Concept of 'Whiteness' in America: Evolution & Categories

Instructor: David White
Whiteness is a complicated (and often poorly defined) concept that has begun to gain attention in America. In this lesson, you will learn how to define whiteness and explore some of the ways that it has evolved over time.

Race as Construct

From the moment the Pilgrims arrived in what is now Plymouth, MA, Americans have struggled with the issue of race. Indeed, at the center of difficult issues like slavery and the relocation of thousands of Native American peoples in the 18th and 19th centuries is the concept of whiteness. But whiteness is broad and in many ways remains ill-defined.

In the most general sense, whiteness is a term that describes the historical, social, and cultural concepts that are attached to people that identify as Caucasian - that is, people who are of European heritage with light skin. But particularly in the United States, where race remains a difficult issue, what does 'whiteness' actually end up meaning?

First, it's important to understand that race is what's known in the social sciences as a cultural construct: something that only has meaning within a social or cultural context. There is a biological explanation for why people have variations in skin pigmentation, but it is only within a social context that those variations and characteristics are interpreted as meaning anything specific. Throughout the 19th century, for example, many Americans believed that Native peoples should be given vocational training because they were only capable of manual labor. Despite being untrue and having nothing to do with their race, this belief was applied to all Native peoples in order to clearly define characteristics of Indians that made them different from whites.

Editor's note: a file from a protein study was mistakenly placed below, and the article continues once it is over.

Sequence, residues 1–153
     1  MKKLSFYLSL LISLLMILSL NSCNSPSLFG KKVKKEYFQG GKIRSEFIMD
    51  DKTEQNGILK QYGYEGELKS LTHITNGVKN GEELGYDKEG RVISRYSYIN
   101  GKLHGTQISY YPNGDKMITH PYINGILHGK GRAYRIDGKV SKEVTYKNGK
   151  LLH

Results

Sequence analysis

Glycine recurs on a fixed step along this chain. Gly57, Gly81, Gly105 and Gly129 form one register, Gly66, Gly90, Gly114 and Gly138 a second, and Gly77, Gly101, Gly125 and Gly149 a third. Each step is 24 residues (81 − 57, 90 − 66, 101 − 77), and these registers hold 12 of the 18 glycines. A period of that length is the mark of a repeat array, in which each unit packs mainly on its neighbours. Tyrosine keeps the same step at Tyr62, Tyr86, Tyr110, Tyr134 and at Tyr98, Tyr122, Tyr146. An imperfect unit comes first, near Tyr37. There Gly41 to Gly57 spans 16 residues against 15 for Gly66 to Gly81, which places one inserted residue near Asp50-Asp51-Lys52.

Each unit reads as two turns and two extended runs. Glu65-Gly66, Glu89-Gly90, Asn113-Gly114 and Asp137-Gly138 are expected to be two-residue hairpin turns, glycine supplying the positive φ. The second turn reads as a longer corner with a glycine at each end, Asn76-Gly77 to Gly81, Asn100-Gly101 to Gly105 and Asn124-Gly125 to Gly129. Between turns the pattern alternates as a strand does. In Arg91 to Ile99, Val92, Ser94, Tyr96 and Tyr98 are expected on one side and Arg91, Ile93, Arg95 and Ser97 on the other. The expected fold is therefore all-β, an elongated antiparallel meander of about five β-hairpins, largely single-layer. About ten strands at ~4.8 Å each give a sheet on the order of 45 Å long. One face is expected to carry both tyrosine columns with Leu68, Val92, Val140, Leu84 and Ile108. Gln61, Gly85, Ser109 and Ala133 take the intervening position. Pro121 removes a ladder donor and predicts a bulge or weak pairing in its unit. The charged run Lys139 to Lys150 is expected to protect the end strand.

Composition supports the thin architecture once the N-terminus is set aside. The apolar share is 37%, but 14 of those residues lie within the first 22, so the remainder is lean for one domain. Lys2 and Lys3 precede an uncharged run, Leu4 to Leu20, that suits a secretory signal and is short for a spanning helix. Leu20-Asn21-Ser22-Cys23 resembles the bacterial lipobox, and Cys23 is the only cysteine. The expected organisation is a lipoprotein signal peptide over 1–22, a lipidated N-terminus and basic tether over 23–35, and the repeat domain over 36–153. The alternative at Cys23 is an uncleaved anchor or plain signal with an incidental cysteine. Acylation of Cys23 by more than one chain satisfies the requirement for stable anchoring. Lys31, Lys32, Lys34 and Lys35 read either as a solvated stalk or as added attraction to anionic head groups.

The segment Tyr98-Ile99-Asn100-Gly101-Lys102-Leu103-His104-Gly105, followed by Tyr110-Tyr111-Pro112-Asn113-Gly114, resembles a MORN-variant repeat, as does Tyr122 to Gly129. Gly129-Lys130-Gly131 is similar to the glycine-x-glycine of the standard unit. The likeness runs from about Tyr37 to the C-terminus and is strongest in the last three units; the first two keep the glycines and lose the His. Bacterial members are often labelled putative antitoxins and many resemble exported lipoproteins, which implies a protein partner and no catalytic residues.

The concept of whiteness is actually very complicated and intersects with almost every other aspect of American life and culture that has existed since the nation's founding. Given that, we're going to have to jump around a little bit through history.

Columbus and Whiteness

The issue of race and construction of whiteness in America is actually older than the country itself. The people of 15th-century Europe tended to see themselves as the pinnacle of civilization - they operated an economic empire, created art and culture, and practiced what they considered the most civilized religion. Christopher Columbus carried this idea with him when he accidentally arrived in North America in 1492.

When Columbus and his men disembarked their ship in what is now the Caribbean islands, the first people they encountered were the Arawak, the indigenous people that inhabited that part of the island. Because they didn't speak Spanish, wore very little or no clothing, and seemed disinterested in the material goods that the Spanish valued, Columbus perceived these non-white people to be inferior to himself and those of his race.

Columbus lands in North America

This idea of white superiority in the New World was one of the first justifications for enslaving these so-called inferior people. Had they been just like him (worshiped the same god, dressed the same, spoke the same language, etc.), Columbus wouldn't likely have enslaved them because they would have been equal, and he would have returned to Spain with nothing to show for his trip.

Whiteness in America

Fast forward to the mid-19th century: Americans have established their own country, which has expanded from the east coast to the west. Their motivation is a belief called manifest destiny - white Americans believe that they have a God-given right to the Indians' land, simply because they are white and therefore superior.

It was during the 19th century that the idea of whiteness became closely associated with the American identity. Only a few decades after severing ties with England, Americans were beginning to construct their own identity and looking for things around which they could bond. Given their European ancestry and the desire to differentiate themselves from slaves and Native peoples, the easiest and most obvious place to begin was with the color of their skin.

For nearly all of American history, white people have been the dominant and most powerful group, establishing themselves as the social norm. As a result, non-white people were spoken of as a deviation from the norm, generally thought of as being different or less valuable. This idea justified, among other things, slavery and forced labor throughout the first half of the 19th century.

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